I. General Information
School Name: Brechin Elementary
School District: SD#68 Nanaimo-Ladysmith
Inquiry Team Members: Olga Poyner: email@example.com, Wendy Robertson: firstname.lastname@example.org, Lisa Brett: email@example.com, Tara McConnie: firstname.lastname@example.org, Andrea Andrews: email@example.com, Meghan Mann: firstname.lastname@example.org, Jodi Crawford: email@example.com, Brianne Anderson: firstname.lastname@example.org
Inquiry Team Contact Name/Email: Olga Poyneremail@example.com
II. Inquiry Project Information
Type of Inquiry: NOIIE
Grade Levels Addressed Through Inquiry: Primary (K-3)
Curricular Areas Addressed:
- Language Arts – Literacy
- Language Arts – Oral Language
- Language Arts – Writing
- First Peoples Principles of Learning
- Flexible learning
- Formative assessment
In one sentence, what was your focus for the year? Using play, loose parts and Story Workshop for supporting oral language and writing.
III. Spirals of Inquiry Details
Scanning: We informally scanned for three students who were emerging, developing and proficient in Language Arts from each of the K-3 classes. We then interviewed them one-on-one using the “Four Questions”. We noticed that students needed support with explaining where they are going with their learning, specifically WHY they are learning it. They were not always able to explain why writing or telling stories was important.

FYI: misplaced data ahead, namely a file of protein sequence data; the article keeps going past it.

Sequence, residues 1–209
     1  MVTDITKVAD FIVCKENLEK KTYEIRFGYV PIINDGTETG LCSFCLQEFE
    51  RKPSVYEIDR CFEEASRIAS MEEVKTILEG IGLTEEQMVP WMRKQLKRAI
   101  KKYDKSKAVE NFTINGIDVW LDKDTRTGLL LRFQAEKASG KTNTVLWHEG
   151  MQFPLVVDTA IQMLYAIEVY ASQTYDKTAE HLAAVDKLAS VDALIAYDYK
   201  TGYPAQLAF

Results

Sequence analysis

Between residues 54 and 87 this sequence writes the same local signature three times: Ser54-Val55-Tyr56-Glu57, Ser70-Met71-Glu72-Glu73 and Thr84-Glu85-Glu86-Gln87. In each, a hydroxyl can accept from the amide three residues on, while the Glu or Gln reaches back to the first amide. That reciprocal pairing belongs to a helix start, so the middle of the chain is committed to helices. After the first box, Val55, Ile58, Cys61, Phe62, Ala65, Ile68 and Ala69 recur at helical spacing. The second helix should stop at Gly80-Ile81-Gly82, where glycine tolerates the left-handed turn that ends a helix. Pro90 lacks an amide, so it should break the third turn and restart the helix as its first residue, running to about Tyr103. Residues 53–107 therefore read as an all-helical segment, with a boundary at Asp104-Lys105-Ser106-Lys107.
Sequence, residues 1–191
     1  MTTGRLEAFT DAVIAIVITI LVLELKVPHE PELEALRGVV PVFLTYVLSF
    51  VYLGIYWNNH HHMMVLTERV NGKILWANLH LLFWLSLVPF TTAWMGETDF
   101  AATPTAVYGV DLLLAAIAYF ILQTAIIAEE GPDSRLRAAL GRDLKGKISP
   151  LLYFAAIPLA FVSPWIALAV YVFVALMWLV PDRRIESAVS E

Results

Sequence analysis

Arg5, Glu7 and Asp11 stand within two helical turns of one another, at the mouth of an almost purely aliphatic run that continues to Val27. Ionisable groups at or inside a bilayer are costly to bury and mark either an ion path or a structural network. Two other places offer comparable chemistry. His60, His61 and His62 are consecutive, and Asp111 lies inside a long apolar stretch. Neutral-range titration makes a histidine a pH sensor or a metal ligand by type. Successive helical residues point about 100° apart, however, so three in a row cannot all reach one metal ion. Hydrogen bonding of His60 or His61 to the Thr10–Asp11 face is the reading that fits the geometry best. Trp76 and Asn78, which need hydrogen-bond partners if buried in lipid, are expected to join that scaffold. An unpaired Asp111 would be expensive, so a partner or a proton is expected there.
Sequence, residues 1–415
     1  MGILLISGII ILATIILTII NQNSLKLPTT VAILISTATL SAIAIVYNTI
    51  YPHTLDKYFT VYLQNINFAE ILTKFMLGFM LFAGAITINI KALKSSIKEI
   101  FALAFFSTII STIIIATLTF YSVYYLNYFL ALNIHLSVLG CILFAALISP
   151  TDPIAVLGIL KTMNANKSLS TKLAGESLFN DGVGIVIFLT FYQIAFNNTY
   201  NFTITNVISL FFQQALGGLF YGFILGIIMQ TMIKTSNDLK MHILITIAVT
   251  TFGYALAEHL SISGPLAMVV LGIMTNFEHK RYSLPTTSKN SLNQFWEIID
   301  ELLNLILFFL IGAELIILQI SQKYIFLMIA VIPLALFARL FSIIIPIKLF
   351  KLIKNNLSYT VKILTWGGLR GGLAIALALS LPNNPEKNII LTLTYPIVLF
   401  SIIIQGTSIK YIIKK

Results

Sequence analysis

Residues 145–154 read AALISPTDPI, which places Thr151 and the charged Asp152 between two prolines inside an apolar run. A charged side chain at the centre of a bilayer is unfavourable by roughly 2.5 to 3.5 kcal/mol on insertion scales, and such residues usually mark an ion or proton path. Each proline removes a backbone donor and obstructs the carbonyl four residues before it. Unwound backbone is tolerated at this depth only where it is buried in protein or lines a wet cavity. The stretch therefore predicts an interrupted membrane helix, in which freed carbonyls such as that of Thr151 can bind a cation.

We also realized that students needed lots of support with oral language and oral story telling. We felt this was an important step towards the writing process in our early learners, and this needed to be strengthened first before we ask our students to write.
Focus: We used the curriculum’s Big Idea that all children have a story to tell. We also used the First Peoples Principles of Learning: “Learning takes patience and time.” Our hope was that loose parts and story workshop would give students a multisensory, play-based experience. It could give them time to explore materials and ideas; interact with peers; and the confidence and skills to create stories that are more connected to their personal experiences. We also looked at Story Workshop as a possibility for creating more space for the adults in the room to observe and listen to students and nudge them forward with their oral language and writing.